T1: During the last few minutes of the swim, go over your list in your head of everything you need to do when you get to transition. Remember that your transition time counts toward your overall time, so if you have a time or age group place goal, make sure you hustle through transition. My best tip for T1 is to start taking your wetsuit off while running to your rack so that when you get there all you need to do is slip your feet out and while your sitting, throw on your bike shoes and helmet, and go!!
BIKE: I made a video about how to ride the bike course on my facebook page www.facebook.com/foodfitnessfinancefunif you are unfamiliar with the bike course. Since the course is a gradual incline leading up to Lee Hill and then a big hill to the top of Olde Stage, I would just relax and spin in a lower gear at a higher cadence for the first few miles of the course. Don’t be afraid to get out of breath or push your legs up the hill as it is short, and once you are at the top, you have essentially 18 miles of downhill. My best tip for the bike is to stay hydrated with electrolytes EVEN IF IT’S COOLER AND YOU DON’T FEEL THIRSTY. This will affect you later in your race when it does get hot. If you have ever heard the term “stay ahead of your nutrition” that is what it means. Drink/eat for how you want to perform an hour later.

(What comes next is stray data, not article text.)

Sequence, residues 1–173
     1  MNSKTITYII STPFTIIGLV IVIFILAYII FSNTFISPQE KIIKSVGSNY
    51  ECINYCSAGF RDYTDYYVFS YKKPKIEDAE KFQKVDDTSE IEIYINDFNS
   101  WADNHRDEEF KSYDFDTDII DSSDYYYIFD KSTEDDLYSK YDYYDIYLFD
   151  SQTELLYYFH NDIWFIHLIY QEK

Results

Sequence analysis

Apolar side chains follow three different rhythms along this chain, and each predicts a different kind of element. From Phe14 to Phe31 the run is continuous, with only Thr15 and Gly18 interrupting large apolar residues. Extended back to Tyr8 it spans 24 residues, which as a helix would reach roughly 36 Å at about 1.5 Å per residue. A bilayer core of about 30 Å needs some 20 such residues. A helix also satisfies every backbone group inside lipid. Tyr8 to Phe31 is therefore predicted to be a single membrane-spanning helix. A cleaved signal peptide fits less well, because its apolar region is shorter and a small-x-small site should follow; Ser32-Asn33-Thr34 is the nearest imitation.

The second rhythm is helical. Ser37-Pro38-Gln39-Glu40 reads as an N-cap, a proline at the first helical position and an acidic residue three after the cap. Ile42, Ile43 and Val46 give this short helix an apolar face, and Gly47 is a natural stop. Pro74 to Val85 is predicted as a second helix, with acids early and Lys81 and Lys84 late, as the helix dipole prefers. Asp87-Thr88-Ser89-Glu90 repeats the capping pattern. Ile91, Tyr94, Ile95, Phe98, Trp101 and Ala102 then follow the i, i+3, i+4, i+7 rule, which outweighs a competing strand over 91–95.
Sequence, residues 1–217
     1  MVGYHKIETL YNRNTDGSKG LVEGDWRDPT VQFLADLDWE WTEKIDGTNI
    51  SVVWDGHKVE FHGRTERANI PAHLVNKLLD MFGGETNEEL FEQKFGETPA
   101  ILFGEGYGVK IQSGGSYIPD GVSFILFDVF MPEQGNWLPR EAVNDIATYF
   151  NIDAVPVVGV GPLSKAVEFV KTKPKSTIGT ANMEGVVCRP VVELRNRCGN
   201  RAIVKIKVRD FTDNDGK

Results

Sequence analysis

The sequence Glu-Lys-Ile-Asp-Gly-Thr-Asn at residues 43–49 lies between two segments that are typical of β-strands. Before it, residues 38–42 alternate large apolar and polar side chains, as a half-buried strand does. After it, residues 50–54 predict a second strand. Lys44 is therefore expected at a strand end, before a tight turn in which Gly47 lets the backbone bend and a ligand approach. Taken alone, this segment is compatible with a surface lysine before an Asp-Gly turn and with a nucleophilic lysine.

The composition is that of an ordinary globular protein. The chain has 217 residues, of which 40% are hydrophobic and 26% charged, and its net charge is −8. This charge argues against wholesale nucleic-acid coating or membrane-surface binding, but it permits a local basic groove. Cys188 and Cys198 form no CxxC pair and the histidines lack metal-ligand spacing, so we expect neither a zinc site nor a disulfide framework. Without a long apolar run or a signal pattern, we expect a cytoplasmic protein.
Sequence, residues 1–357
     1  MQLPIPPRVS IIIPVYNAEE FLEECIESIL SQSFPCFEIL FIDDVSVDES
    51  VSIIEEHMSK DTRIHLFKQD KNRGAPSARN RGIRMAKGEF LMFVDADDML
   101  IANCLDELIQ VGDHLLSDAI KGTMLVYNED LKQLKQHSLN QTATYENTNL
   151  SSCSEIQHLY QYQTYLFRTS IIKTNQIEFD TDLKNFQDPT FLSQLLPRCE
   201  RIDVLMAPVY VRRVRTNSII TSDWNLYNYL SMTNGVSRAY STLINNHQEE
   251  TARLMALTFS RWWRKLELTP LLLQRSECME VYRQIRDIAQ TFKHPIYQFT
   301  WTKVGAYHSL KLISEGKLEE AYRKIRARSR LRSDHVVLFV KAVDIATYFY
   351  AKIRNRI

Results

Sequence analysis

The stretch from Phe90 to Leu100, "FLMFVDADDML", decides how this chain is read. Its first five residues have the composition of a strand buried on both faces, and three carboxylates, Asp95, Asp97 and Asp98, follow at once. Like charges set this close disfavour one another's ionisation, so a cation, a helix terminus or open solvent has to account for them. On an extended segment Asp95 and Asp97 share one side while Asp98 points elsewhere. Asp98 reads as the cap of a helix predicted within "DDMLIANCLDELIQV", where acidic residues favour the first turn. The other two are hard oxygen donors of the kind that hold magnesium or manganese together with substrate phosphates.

T2: Again, a few minutes before your bike finish, go over in your head what you will be doing in T2. I start thinking about it about 2 miles out and repeat it in my head over and over and over until I get there. Rack your bike, switch shoes, put on a hat/sunglasses, grab your race belt/drink, chapstick, anything else you need for the run and GO! Get out of there! My best T2 tip for a good finishing time is to practice these transitions as a race/goal can be achieved by minimizing transition times!
RUN: It is almost a guarantee the run will be HOT! And the course is very exposed meaning NO SHADE! Do not skip aid stations! My best tip for the run: At every aid station drink an electrolyte drink and pour water over your head. Keep yourself wet as much as you can. If there is ice, put it in your top AND bottoms and hold ice in your hands until the next aid station and then repeat! The other thing I do during a hot run is come up with mantras I repeat over and over to myself like “I am solar powered and I run better with the sun”, “the heat makes me stronger and faster”, and “I’m so glad it’s hot out, I run way better in the heat!” You will be surprised how much power your thoughts have over your body!